COLUMBIA, S.C. (AP) Gov. Nikki Haley said July 1 that she will provide a roadmap in January for funding highway and bridge work in South Carolina without raising taxes and without relying on the “money tree.’’
Haley said her recommendation to the Legislature — which depends on her winning a second term — will designate a revenue stream straight to road work. She offered no details, other than to say it doesn’t involve the money tree. That’s what Haley calls the additional money that appears when spring revenue estimates end up being greater than what was predicted the previous fall.
In January, she recommended legislators designate that growth to roadwork, potentially generating $100 million yearly. In the state budget that took effect July 1, however, none of the surplus money went to roadwork.
Haley’s critics poked fun at the idea of an imaginary money tree solving the state’s problems. They also noted her recommendation came nowhere close to meeting infrastructure needs.
The Department of Transportation said it needs an additional $1.5 billion yearly over 20 years just to bring roads to good conditions.
“The roads do need some improvement, there’s no question about that,’’ said Bruce Shealy, president of Shealy Truck Center, where the National Federation of Independent Business held a news conference to endorse Haley. “Nobody wants to pay taxes obviously, but obviously a solution needs to come about. All you need to do is drive on the roads to see that.’’
Sen. Ray Cleary, R-Murrells Inlet, said if Haley has a plan, the public deserves to know what it is before the November election.
In South Carolina, roadwork is overwhelmingly funded through federal matches and the state’s 16-cents-per-gallon fuel tax, which hasn’t changed since 1987.
Last year, the Senate Finance Committee advanced a plan that would fund road and bridge construction through a combination of redirecting money collected from the sales tax on vehicles, borrowing money, and raising fees. That included raising the state’s gas tax by an expected 4 cents over 10 years.
But the proposal never had a chance. While Haley calls improving roads a priority and economic development necessity, she has repeatedly promised to veto any bill that increases the gas tax. The proposal died without a floor debate as the legislative session ended in June.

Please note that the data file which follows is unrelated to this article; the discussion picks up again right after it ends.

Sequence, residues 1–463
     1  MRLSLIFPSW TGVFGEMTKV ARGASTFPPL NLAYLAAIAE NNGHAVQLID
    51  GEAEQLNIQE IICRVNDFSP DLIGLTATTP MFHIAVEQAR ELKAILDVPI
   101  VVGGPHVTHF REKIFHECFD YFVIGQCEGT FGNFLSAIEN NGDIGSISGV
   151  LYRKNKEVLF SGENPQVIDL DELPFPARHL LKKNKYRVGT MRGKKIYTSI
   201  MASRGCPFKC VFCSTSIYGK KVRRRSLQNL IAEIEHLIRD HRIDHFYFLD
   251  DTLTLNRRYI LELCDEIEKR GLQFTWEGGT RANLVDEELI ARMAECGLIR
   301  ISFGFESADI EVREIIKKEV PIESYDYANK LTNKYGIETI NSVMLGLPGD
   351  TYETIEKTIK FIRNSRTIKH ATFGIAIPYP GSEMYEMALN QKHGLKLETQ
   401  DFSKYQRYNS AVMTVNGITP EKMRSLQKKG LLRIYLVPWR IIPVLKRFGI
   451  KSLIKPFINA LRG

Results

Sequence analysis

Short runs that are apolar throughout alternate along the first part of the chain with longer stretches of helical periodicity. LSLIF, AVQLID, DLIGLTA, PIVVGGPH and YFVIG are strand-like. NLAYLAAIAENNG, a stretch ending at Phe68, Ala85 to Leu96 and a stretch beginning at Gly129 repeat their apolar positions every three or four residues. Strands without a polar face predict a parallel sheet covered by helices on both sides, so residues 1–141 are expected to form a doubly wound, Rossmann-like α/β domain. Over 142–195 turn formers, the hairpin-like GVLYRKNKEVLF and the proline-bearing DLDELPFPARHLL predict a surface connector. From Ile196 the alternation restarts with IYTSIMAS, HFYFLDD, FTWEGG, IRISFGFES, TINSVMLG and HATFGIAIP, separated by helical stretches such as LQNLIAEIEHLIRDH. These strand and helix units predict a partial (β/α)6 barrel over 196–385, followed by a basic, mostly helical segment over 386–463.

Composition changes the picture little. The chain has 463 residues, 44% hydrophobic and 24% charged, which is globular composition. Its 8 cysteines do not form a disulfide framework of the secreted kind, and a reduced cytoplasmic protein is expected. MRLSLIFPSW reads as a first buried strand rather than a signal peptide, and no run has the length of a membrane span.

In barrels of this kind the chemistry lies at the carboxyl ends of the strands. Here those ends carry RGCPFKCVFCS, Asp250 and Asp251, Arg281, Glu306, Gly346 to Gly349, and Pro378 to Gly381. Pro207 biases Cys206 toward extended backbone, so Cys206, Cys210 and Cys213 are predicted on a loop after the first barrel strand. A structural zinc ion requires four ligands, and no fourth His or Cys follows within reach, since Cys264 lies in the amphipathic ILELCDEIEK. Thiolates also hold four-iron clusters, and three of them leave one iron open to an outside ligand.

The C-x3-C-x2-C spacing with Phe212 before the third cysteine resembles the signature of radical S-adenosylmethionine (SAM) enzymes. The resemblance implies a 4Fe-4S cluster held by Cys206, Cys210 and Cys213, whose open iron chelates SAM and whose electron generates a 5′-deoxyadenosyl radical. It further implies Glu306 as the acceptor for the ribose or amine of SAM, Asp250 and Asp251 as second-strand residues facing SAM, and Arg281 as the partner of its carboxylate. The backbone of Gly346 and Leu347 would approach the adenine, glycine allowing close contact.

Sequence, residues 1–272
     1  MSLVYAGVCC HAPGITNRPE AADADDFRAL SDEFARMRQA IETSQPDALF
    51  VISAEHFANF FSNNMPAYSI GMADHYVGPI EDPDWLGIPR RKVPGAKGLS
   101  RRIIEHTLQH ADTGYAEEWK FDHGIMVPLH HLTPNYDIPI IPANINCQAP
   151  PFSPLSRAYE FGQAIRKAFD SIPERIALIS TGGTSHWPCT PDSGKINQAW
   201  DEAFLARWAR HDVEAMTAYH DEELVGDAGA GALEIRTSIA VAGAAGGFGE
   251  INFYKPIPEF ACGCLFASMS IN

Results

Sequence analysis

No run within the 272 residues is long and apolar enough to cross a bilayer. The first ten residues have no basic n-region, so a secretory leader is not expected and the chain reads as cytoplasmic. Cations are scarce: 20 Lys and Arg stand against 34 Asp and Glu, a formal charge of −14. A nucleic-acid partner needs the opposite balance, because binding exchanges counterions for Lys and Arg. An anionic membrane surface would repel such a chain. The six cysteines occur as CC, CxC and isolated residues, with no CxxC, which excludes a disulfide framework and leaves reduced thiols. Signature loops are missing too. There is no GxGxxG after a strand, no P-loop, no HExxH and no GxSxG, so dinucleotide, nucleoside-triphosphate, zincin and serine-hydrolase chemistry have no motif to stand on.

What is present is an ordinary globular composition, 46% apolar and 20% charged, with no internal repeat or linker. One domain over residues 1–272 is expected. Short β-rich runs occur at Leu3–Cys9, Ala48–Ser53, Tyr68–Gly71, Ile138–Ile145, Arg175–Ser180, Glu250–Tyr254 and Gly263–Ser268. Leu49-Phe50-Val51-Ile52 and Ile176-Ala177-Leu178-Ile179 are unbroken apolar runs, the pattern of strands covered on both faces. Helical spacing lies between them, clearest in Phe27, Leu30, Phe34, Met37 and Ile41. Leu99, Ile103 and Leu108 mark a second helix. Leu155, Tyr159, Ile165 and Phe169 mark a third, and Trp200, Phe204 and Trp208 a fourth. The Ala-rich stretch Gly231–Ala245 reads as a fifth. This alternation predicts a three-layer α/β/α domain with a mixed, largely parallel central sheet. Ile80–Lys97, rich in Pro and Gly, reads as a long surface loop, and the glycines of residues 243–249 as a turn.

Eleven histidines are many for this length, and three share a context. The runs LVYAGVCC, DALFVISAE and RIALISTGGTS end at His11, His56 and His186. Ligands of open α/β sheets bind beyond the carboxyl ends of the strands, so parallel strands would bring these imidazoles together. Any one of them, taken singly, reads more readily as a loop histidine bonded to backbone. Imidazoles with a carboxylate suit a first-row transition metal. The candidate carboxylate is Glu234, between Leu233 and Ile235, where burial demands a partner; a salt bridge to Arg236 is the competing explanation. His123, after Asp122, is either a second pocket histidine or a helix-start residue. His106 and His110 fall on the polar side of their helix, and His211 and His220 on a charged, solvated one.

“She owes the public a decision on how she’s going to pay for roads before the election,’’ said Cleary, who led the panel that developed the defeated plan. “If she doesn’t have a plan, maybe we should look at other candidates.’’
On July 1, Haley again touted a law passed last year that could generate up to $1 billion over a decade for roadwork, through a combination of state and federal money plus borrowing. But Cleary said once those bonds are issued, that money is gone, and the DOT’s documented needs require more than that yearly. Haley said she recognizes the need for recurring dollars.
“Everyone is quick to want to raise taxes, but keep in mind when you raise the cost of transportation, you’re hurting businesses that want to come to this state and you’re hurting businesses that are in this state,’’ Haley said. “It is our job to come up with a plan for transportation and roads that is consistent and constant, and we’ll give that to the Legislature in January so that they do have a way to go forward’’ without raising taxes.
Cleary contends revenue growth can’t possibly cover the infrastructure needs, especially considering the state’s other obligations. As roads fall into greater disrepair, they become more expensive to fix. Raising the gas tax, he said, means tourists and travelers passing through help pay for the roads they use.
“We have to start telling people what they need to hear, not what they want to hear to fix the roads,’’ Cleary said.
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